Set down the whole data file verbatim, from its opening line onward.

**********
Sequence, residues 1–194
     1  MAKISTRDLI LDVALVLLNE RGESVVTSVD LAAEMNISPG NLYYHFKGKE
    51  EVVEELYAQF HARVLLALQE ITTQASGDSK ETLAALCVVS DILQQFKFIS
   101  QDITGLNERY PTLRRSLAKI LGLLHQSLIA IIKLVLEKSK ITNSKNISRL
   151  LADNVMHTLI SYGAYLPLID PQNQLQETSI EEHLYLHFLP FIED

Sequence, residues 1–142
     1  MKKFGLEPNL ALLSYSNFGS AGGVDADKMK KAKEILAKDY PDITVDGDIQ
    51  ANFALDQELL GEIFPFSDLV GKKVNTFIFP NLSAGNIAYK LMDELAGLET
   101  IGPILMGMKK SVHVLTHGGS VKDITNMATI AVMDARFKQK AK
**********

Sequence, residues 1–194
     1  MAKISTRDLI LDVALVLLNE RGESVVTSVD LAAEMNISPG NLYYHFKGKE
    51  EVVEELYAQF HARVLLALQE ITTQASGDSK ETLAALCVVS DILQQFKFIS
   101  QDITGLNERY PTLRRSLAKI LGLLHQSLIA IIKLVLEKSK ITNSKNISRL
   151  LADNVMHTLI SYGAYLPLID PQNQLQETSI EEHLYLHFLP FIED

Sequence, residues 1–142
     1  MKKFGLEPNL ALLSYSNFGS AGGVDADKMK KAKEILAKDY PDITVDGDIQ
    51  ANFALDQELL GEIFPFSDLV GKKVNTFIFP NLSAGNIAYK LMDELAGLET
   101  IGPILMGMKK SVHVLTHGGS VKDITNMATI AVMDARFKQK AK